From Childhood Hobby to Lifelong Passion: Mr. Ivailo Ivanov and His Dedication to the Digital Arts


by Joshua Diokno   

A self-taught artist, 23-year old Mr. Ivailo Ivanov believes that he has been born for the digital arts. And when you look at his works online, you won’t be able to help but agree. Early on, he was already immersed into drawing, taking cues from his grandfather and her mother drawing pictures for him to learn the alphabet from. And boy isn’t the industry glad for how he has turned out since.

While many parents would not encourage children inclined in the arts to pursue their passions as a profession, Mr. Ivanov made it through and had made it a lifelong-passion. It is artists like him that keep us in the faith that the digital industry will only progress further.

So let’s get to know Mr. Ivailo Ivanov in this short feature and be inspired by his dedication to and journey in the craft.

Xeno Creatives (XC): We understand that with just about any craft, passion takes precedence. In your case, how did it start becoming a passion? Would we be right in assuming that you consider it a “calling” as a lot of your contemporaries do?

Ivailo Ivanov (II): Yes, you’re right. I feel like I was pretty much born with it or maybe into it. My mom would draw different Pokemons for me to help me learn the alphabet (for example she would write the letter P and draw a Pikachu). I was a big fan of Pokemon, this actually helped me a lot with reading. I started drawing at the age of 4 or maybe earlier. I was very inspired to draw like my grandfather, who was a hobbyist artist and would often draw amazing portraits of people I knew. In school, I never really paid attention to anything, I would only draw in my notebooks with a pen and they’d be filled with various drawings, mostly characters. My teachers remember me as the kid that had notebooks full of drawings.

XC: Was there ever an art piece (digital or otherwise) or artist who served as a catalyst for your involvement in the craft? When did you get involved fully in the 3D industry?

II: Yes there was. I watched animations like “Final Fantasy: Advent Children” and “Beowulf”. I didn’t know what 3D graphics were at the time and I wanted to learn more about it. That’s how I got started; I was very young –about 12-13 years old or so. Prior to that I would do short animations of my own with Paint and Gifmaker since that was the only software I had access to. I would draw different characters frame by frame, mostly “Naruto” characters, and then match them together in a Gif with Gifmaker to create animations. Of course, they were awful.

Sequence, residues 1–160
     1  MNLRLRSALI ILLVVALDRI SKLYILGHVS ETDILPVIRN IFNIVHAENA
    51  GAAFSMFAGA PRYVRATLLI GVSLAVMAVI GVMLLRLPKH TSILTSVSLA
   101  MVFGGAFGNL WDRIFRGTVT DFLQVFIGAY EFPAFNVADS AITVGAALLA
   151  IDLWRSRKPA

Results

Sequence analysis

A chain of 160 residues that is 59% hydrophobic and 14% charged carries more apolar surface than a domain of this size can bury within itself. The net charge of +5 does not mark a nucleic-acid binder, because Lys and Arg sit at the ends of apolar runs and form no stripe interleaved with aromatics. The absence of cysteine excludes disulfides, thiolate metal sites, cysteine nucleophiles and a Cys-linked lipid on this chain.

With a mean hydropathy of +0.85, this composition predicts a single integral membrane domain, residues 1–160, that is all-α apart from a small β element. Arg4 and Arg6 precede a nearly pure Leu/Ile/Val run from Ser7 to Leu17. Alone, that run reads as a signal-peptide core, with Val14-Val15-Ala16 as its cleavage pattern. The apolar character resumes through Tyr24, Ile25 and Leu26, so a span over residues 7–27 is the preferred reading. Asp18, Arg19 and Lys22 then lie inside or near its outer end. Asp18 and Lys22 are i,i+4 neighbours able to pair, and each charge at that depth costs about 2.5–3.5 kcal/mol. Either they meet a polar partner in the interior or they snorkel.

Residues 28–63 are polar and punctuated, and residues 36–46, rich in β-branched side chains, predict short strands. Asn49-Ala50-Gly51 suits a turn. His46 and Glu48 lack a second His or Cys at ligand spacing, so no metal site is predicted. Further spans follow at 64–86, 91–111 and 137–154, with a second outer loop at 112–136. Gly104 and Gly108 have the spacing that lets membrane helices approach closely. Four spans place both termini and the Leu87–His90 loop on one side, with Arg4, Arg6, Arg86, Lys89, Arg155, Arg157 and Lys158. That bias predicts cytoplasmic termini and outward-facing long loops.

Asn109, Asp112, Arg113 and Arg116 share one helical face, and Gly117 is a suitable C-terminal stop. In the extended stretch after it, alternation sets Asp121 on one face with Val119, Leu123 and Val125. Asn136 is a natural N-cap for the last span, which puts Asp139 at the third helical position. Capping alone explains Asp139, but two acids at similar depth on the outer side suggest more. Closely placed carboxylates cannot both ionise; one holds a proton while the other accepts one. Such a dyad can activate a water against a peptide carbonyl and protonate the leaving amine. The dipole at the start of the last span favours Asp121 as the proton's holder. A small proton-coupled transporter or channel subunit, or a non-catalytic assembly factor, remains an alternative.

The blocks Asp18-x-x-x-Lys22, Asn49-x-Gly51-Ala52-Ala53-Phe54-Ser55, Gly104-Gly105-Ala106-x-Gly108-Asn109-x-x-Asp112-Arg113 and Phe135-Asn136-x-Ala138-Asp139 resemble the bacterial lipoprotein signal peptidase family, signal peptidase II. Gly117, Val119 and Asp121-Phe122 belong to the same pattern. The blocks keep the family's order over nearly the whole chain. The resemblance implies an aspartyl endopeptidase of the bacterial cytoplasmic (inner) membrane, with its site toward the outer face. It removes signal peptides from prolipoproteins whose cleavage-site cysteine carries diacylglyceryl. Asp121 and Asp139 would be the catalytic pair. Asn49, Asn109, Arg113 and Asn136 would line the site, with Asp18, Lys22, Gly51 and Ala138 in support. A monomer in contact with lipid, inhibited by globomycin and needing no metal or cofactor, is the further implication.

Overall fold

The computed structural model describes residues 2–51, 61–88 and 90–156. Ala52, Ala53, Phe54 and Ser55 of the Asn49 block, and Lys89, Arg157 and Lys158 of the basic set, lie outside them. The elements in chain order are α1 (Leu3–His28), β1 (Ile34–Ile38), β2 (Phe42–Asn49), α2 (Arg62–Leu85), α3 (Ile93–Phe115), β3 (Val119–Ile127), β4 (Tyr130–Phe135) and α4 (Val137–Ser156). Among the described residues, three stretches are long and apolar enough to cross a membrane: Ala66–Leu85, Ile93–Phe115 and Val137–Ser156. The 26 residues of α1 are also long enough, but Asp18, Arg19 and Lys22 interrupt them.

XC: Now that you’re an active part of the industry, would you say you have pegged a solid place in it?

II: Depends on what a solid place means. Do I have projects to work on all the time? Yes, I feel like there’s plenty of work and interest towards me. Do I think skill-wise I’m up there with the best? No, not yet. Very soon though; I’m catching up pretty quickly.

XC: How does your day look like in production?

II: I’d wake up sometime between 7:30 AM (If I’m late on schedule usually) and 12:00 NN. I’d have a breakfast, go for a workout, come home, take a shower and when I feel like it I will start working, sometimes until I go to bed. Other times, I’d take rests and do something else, like go for a walk, meet some friends, play some games etc. I also work Saturdays and Sundays and to me character work is still something I do with great interest and love, so whenever I’m home, 90% of the time I’m working on something.

XC: What are the common challenges that a 3D artist like you encounters day-in, day-out in a project?

II: To me it’s overworking my eyes. Sometimes, especially when I’m trying to nail down a likeness and I’ve worked on it for 10 hours or more straight, I get very tired. At this point my eyes are telling me the likeness is great, the sculpt is amazing, and I should definitely post it, only to find a very ugly head in the morning.

XC: It’s such a delight to see your works online. Your concepts are endearing. But among your works, do you have favorite pieces? If so, what would these be and why? Also, what would you consider your biggest or most exciting project to date?

II: Thank you. I’d say it’s my latest work “The White Wolf” which is a likeness portrait of Henry Cavill and his role as Geralt from the Netflix adaptation of “The Witcher”. It’s still not fully finished, but I’m very proud of it, since I had to go through a lot to get the likeness done. I was starting over again and again and something about Henry’s likeness was very hard to nail it as definitely my hardest likeness, even though he is a male with very pronounced features, which usually is easier than a beautiful female for example.

XC: If you were to market yourself what would you highlight as your edge?

II: I’m more ambitious than most people

XC: If you weren’t a 3D artist today, what would you be working as?
II: It’s hard to say, but most likely I would’ve been a boxer. There was a point of time, few years back where I was really into the sport and I was training for a tournament 2-3 times a During those times, I wasn’t working hard on art projects. I was always tired and didn’t have the time or the will for it. This is also the reason why I decided I will not compete in further competitions and will only train for the fun of it.

XC: What is your message to other artists especially in these trying times?

II: Work hard, be dedicated and disciplined. No one was born better than you, they just put more time into their craft. Well maybe Rafael Grassetti, but he is not human.

Want to see more of Mr. Ivailo Ivanov’s works? Click here!

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